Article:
Pop Art Introduction (02:32)
Inspired by billboards across America, Andy Warhol created controversial works. Critics called them a betrayal of modern art; supporters approved their subversive nature. Alastair Sooke will meet some of the movement's pioneering artists.
Pop Art Pioneers (02:12)
Claes Oldenburg, Tom Wesselmann, Roy Lichtenstein, James Rosenquist, and Andy Warhol each worked in isolation, unaware that others shared their vision. They also did freelance advertisements, appearing to promote commercialism.
James Rosenquist (03:07)
Rosenquist's early billboard painting career contributed to his artistic development and he was accused of celebrating capitalism. He describes New York as a cutthroat city. By 1959, he was successful but felt ashamed of his "empty" images.
Seeking Truth in a Material Age (03:12)
In 1960, Rosenquist quit commercial sign painting and rented a studio; he discusses the creative process. Compositions were guided by the Zen idea that everything is empty. Learn about his masterpiece "F III" criticizing the Vietnam War and American consumerism.
Provocative Art (02:29)
Sooke discusses Rosenquist's tough exterior and pop art's probing nature. Pop artists were considered hoodlums; their work shocked the art world in the early 1960s.
Roy Lichtenstein (03:57)
Abstract expressionists, including Mark Rothko, failed to understand pop art’s intentions. Sooke analyzes technique and composition in "Girl with Ball" in terms of Lichtenstein's dialogue with abstract art. A 1964 "Life" magazine article showed the genre had reached a national audience.
Andy Warhol (03:27)
Warhol recognized that anything could be turned into a commodity. He constructed a persona to embody his mechanical art style, beginning with Campbell's soup cans in 1962. Sooke discusses Warhol's obsessions with celebrity and death, visible in "Marilyn Diptych."
Death and Disaster Series (01:27)
Warhol's paintings sourced images of car accidents and electric chairs from news reports, commenting on the mass media's desensitization. Pop art can be deep or shallow, depending on the viewer.
Peter Blake (03:47)
Sir Peter Blake's autobiographical work re-purposes circus props and English folk art, combining high and low culture. He expresses a loss of innocence during World War II, during which he was evacuated to the countryside.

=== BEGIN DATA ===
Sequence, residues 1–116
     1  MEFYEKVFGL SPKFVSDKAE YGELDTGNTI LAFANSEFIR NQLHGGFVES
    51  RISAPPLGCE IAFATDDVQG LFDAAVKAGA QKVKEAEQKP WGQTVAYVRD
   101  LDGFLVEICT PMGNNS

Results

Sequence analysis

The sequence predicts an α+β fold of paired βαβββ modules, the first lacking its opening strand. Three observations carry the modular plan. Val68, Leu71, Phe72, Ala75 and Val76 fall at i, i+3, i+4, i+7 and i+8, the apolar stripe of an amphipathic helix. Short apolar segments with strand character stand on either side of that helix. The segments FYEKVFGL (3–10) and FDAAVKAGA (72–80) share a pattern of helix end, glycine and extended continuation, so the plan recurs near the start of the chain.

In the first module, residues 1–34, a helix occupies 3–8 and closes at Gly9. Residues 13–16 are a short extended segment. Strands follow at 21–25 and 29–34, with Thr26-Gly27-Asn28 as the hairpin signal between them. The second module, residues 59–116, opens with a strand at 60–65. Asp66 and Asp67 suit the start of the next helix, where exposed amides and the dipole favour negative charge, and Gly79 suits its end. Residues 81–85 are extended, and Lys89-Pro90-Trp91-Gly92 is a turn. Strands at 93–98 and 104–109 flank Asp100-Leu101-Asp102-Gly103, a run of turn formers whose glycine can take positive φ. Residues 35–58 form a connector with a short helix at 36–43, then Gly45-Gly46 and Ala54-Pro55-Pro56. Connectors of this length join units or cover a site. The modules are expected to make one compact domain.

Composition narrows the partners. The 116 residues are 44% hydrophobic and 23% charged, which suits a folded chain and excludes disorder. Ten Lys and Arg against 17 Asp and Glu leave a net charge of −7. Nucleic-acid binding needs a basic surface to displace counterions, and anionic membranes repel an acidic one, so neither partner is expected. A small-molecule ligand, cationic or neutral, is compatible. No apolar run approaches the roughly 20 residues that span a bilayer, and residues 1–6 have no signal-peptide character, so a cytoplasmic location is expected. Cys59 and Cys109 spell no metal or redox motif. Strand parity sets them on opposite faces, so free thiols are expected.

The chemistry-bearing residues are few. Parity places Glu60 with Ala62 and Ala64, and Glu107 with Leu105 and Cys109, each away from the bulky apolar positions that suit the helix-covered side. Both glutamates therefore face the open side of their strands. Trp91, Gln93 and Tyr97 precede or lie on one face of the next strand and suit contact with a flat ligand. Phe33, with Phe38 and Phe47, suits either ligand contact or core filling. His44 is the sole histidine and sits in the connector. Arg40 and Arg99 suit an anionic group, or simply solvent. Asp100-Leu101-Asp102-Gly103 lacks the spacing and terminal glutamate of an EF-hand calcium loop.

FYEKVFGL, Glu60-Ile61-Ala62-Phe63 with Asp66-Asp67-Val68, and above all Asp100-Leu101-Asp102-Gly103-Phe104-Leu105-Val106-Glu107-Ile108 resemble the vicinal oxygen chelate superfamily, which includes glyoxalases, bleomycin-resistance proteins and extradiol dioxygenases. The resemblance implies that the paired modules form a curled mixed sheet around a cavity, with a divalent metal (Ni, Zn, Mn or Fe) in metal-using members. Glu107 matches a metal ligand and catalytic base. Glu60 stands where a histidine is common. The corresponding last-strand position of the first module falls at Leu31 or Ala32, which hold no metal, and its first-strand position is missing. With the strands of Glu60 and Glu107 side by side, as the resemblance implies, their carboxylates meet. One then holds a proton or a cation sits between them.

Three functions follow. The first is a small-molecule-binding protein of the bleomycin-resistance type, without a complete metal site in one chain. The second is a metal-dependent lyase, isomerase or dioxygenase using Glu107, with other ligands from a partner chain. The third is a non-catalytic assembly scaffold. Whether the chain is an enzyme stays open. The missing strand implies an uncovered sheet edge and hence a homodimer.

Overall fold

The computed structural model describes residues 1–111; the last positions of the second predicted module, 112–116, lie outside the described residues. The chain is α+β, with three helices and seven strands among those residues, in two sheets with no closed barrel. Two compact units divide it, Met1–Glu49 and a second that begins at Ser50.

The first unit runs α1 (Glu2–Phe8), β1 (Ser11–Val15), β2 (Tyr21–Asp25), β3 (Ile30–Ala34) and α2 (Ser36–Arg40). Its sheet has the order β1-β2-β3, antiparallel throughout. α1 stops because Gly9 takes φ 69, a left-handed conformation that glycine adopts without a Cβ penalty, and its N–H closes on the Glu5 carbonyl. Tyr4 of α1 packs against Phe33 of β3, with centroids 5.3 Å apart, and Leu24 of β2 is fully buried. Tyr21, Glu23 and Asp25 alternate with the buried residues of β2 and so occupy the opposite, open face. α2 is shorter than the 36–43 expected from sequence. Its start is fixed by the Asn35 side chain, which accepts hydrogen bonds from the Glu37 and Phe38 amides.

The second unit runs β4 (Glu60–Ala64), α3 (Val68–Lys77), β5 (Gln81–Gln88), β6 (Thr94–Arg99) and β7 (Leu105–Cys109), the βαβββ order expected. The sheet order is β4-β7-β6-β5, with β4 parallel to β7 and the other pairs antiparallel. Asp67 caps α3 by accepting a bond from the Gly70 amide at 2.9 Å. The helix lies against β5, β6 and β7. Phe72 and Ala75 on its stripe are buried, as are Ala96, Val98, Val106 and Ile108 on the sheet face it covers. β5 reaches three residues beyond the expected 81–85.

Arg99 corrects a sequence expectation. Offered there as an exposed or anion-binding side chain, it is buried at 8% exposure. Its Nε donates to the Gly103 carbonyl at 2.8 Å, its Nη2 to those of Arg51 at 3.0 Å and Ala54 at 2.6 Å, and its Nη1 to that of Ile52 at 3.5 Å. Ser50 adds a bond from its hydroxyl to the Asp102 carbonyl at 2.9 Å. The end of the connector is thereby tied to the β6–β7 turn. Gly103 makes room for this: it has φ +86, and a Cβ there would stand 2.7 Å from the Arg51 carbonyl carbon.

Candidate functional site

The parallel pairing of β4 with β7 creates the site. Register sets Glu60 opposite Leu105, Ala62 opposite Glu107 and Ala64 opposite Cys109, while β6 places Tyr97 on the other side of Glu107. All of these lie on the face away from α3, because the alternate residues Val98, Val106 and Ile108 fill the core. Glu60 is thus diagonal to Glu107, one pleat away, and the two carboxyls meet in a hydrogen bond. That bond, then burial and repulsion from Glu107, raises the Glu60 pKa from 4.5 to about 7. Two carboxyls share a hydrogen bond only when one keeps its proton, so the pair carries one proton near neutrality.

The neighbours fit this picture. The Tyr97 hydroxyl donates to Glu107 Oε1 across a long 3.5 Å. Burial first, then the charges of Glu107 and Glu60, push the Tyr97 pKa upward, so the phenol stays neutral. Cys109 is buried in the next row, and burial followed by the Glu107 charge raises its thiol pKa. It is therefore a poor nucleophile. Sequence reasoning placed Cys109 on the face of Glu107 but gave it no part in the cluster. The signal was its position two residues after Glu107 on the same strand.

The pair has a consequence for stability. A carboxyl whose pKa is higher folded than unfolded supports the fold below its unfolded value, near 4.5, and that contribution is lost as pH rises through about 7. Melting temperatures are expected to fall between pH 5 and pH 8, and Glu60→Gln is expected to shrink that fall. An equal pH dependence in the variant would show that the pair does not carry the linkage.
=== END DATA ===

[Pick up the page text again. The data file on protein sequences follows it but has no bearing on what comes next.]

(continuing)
Godfather of British Pop Art (03:25)
Blake's passion for pop music defined his artistic approach in the 1950s. "Got a Girl" imagery acts out a Four Preps song—a precursor to music videos. He inspired young art students to push boundaries; view a clip of "Pop Goes the Easel."
Allen Jones (02:03)
Jones was expelled from the Royal College of Art for "decorative" ideas. He recalls hanging a wall of pop art with Peter Phillips in the 1961 student exhibition. By the late 1960s, the movement had extended to Western society at large.
Atelier Populare (05:02)
An anonymous artist collective used pop art inspired posters to support protesting students in Paris in 1968. They occupied the Ecole des Beaux Arts lithographic department; Gerard Fromanger describes their printing operation. Silk screening increased production and allowed quick responses to events.
Death of Pop Art? (02:12)
In June 1968, Valerie Solanas attempted to assassinate Warhol. Many believed his movement was over, but he survived to make $2 million annually in commissions. He declared himself a business artist in 1975, inspiring Jeff Koons.
Political Pop (02:27)
In the 1970s, pop art became a means of Soviet political subversion. When China opened to the West in 1989, artists risked censorship to highlight the juxtaposition of communist ideals and consumerism and imagine a capitalist future.
China's Answer to Andy Warhol (02:39)
Sooke compares China's economic boom to the U.S. in the 1950s. Contemporary artists draw upon newly manufactured and commercial imagery, consumer desire, and an online society. Xu Zhen has created a corporate brand of pop art.
Xu Zhen's Pop Art (04:29)
The Chinese artist employs 50 staff members to design and produce works. His 2007 "ShanghART Supermarket" comments on consumption and echoes Andy Warhol; viewers can purchase empty packaging. Sooke discusses the genre’s universal appeal and role in removing cultural barriers.
Credits: Soup Can and Superstars: How Pop Art Changed the World (00:34)
Credits: Soup Can and Superstars: How Pop Art Changed the World
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